When one speaks of the temple of Artemis of Ephesus, one speaks in fact of three temples which have succeeded each other, historically speaking. But the last two are the ones we know most, and they were quite similar.
Their general forms were classical in Hellenic architecture: A large rectangular room, the largest possible (the Cella) placed on a subgrade to degree and surmounted by a roof with two slopes with a low inclination. The pediments of the roof are therefore triangular. The buildings were both surrounded by two rows of columns, some carved, and they were richly decorated. The two temples, however, had differences, so their descriptions are more detailed in the paragraphs below.
Location of the temple of Artemis
The temple of Artemis was in the town of Selçuk, 7Kms to the east. Selçuk is currently in Turkey, 50Kms south of Izmir. This city was built near the ruins of the ancient city of Ephesus, which is why we are still talking about the temple of Artemis in Ephesus.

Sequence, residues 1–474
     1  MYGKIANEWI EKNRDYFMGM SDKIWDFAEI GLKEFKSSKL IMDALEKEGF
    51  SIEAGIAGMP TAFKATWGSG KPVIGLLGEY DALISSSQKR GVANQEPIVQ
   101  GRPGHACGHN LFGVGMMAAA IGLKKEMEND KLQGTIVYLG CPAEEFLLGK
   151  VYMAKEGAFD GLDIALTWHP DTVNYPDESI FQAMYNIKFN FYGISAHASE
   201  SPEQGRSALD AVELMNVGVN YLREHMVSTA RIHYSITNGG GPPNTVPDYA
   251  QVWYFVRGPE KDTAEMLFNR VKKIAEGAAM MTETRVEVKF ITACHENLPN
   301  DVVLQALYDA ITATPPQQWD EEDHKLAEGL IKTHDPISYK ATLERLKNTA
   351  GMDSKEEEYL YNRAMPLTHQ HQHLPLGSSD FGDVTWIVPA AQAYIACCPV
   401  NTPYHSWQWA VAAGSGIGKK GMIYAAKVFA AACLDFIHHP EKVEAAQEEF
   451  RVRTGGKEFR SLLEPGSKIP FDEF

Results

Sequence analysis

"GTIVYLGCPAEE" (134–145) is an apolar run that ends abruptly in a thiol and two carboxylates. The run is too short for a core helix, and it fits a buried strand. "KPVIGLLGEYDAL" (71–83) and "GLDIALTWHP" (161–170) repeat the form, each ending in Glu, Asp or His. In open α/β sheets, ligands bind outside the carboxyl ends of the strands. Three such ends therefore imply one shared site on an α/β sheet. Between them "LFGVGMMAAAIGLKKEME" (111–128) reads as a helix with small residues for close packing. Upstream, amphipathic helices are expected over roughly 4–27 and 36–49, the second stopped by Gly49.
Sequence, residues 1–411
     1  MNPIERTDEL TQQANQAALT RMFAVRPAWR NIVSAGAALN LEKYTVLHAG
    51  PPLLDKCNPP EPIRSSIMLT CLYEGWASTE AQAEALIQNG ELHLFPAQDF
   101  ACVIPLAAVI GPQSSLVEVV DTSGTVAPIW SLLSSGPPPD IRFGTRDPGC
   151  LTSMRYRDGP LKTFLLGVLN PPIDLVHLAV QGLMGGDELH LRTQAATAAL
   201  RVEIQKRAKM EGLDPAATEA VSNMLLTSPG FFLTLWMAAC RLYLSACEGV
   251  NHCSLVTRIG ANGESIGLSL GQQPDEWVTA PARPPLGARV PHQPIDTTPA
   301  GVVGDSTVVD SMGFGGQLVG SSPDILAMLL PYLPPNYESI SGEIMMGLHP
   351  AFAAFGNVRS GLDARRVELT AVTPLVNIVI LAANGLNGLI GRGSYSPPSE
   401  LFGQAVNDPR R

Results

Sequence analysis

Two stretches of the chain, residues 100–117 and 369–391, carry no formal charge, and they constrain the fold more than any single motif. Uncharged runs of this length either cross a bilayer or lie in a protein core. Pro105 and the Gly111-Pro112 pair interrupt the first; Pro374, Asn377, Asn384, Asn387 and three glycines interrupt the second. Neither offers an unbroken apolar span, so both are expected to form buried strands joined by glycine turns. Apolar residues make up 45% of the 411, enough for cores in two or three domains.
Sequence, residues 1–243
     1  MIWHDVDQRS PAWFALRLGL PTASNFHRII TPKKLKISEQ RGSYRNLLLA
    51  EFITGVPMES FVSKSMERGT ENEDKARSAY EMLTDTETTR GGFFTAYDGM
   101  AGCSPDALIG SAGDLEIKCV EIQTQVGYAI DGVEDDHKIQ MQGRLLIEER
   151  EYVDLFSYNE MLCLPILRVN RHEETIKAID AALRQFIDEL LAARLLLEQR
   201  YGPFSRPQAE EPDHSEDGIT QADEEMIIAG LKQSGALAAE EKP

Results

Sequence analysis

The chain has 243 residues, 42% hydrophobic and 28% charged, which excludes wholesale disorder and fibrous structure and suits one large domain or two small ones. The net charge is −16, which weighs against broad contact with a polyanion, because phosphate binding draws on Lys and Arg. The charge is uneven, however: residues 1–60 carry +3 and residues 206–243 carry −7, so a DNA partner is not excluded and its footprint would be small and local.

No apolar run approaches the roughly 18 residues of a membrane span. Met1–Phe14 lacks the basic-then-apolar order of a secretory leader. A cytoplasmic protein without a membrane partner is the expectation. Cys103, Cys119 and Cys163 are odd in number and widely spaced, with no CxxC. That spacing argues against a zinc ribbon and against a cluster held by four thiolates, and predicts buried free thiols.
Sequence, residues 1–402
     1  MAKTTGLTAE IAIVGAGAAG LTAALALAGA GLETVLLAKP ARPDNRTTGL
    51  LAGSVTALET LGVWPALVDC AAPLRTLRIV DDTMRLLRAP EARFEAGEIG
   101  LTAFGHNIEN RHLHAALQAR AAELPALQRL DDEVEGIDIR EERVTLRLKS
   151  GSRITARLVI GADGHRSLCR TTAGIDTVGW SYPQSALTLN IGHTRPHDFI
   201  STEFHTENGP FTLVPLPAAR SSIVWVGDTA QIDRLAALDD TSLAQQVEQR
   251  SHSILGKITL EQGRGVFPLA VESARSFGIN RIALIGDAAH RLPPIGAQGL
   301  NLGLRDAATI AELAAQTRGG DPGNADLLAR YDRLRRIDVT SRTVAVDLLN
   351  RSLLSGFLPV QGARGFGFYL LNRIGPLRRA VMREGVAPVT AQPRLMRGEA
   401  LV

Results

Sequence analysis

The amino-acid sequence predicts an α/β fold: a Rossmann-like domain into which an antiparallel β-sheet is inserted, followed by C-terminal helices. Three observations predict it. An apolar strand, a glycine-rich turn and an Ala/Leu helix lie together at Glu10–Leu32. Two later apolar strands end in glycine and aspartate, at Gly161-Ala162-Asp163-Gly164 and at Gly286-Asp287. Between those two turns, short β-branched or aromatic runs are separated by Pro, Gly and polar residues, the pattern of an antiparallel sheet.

What is more surprising is that at the time, that is to say between the 8th and 3rd century BC, Ephesus was a port city, it was on the coast of the Aegean Sea at the mouth of the river Caystre which threw itself into a bay partially blocked by the island of Syria. Since that time the river has deposited its silt in the bay which has permanently sanded itself, moving away the sea. Already in the 8th century the site of the temple was marshy, it was often flooded, it was moreover a motive of work for the architects who had to invent ways to build the temple on these wet soils.
The town of Ephesus was in the vicinity of the Artemisia, but the silting up of the river gradually prevented the ships from arriving, so it was necessary first to build canals and then to move the city one a little further south, a few kilometers away. Thus the temple was more and more isolated, which was rather well seen by those who administered it because the more they moved away from the city, the more independent they were.
Learn more about the Location of the temple of Artemis at Ephèse.
The initial temple : Before the VIIIth century